This past week, the Mormon Church, and Mitt Romney, came under fire when it was discovered that the parents of Simon Wiesenthal were proxy-baptized by the Church. In 1995, the Church of Latter-day Saints, more commonly known as the Mormon Church, outlawed the baptisms of anyone outside of their members’ ancestors in response to outrage over their baptisms of Holocaust victims (which Wiesenthal’s parents were). In an apologetic statement released after the Wiesenthal baptisms became known, the Church explained that a rogue member had submitted the names without the knowledge or consent of leadership and that there would be action taken to ensure it wouldn’t happen again.
Immediately after the baptisms hit the headlines calls came for Romney to condemn the action, from Elie Wiesel to top leadership of the Simon Wiesenthal Center, pushing the story onto front pages. Given that the Church had already officially prohibited the baptisms of Holocaust victims, there was little for Romney to do but condemn his own Church, publicly, with no chance of accomplishing anything but further embarrassing his faith.
What kind of statement was expected of Romney? There was outrage not only about these baptisms, but proxy-baptisms in general. Was he supposed to call his own religious ritual offensive and cast judgement upon it? On Bill Maher’s show following the controversy Maher pretended to perform an “unbaptism” on Romney’s deceased father-in-law. The Hollywood Reporter reports,
Donning a sorcerer’s hat and wielding a magic wand, Maher then produced a black and white photograph of Davies, on which he performed his mystical ritual. The brief ceremony was made complete with references to “Laverne and Shirley,” “Harry Potter” and “The Blair Witch Project.”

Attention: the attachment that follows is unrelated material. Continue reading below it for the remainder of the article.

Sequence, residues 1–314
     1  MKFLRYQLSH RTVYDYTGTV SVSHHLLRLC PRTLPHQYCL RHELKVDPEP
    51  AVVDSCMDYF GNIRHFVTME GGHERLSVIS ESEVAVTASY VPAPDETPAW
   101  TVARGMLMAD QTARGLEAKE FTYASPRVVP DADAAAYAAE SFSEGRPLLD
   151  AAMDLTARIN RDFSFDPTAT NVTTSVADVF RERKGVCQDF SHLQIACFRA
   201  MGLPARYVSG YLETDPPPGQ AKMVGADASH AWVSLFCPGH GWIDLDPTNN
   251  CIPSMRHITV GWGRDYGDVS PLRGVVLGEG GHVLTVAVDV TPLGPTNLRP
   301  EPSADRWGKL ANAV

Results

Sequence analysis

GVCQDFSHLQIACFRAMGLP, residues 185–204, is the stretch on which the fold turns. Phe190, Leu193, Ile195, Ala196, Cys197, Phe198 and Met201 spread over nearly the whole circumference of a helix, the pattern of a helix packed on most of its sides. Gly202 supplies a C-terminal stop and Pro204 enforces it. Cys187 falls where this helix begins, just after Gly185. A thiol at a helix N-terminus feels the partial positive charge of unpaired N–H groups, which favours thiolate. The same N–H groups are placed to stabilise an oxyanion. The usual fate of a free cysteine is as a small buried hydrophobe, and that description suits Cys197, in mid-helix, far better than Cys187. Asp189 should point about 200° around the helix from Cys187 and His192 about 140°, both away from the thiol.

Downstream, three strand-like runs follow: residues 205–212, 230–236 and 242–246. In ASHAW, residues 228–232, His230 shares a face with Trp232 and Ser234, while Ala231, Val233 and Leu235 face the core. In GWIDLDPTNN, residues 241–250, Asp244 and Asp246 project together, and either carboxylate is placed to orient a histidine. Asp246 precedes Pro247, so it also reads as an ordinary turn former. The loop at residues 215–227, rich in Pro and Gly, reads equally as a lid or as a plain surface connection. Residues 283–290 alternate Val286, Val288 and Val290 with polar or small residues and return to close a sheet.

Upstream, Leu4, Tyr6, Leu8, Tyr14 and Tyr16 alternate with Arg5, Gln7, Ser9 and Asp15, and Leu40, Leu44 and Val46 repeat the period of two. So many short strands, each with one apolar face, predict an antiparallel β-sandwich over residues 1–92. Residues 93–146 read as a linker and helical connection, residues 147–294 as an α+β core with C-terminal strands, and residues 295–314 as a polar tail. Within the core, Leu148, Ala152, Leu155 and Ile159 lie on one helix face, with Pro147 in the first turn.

“By the power granted in me by the Blair Witch,” he declared, “I call upon the Mormon spirits to leave your body the f*** alone.”
There was no outcry, no outrage. For some reason, it’s become acceptable to criticize the Mormon faith, and with Romney’s stature as its most famous member, it has become increasingly common.
Imagine if these sorts of statements were made about Jewish, Muslim or Christian practices. Was Joseph Lieberman asked to condemn actions of his own faith as forcefully when he was on the ballot? Was he expected to cast shame on the Jewish faith, its practices and customs? If nothing else, Romney’s candidacy will expose the American public’s perception of the Church of Latter-day Saints, the largest and most influential religion born on our soil. In the event Romney manages to secure the GOP nomination, we’ll be seeing nine more months of this. It could get ugly.